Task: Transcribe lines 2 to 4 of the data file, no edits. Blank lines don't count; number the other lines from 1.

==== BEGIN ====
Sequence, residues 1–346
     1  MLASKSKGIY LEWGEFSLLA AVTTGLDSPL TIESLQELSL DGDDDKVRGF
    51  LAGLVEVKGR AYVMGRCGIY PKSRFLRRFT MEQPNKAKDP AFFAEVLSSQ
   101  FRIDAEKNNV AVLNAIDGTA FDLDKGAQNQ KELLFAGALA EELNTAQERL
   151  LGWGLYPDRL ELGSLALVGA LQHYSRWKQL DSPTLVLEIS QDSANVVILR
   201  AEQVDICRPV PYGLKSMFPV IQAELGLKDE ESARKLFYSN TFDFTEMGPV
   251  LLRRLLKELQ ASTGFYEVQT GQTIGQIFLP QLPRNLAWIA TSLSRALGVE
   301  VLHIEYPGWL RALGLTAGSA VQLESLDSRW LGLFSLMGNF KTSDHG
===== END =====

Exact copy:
     1  MLASKSKGIY LEWGEFSLLA AVTTGLDSPL TIESLQELSL DGDDDKVRGF
    51  LAGLVEVKGR AYVMGRCGIY PKSRFLRRFT MEQPNKAKDP AFFAEVLSSQ
   101  FRIDAEKNNV AVLNAIDGTA FDLDKGAQNQ KELLFAGALA EELNTAQERL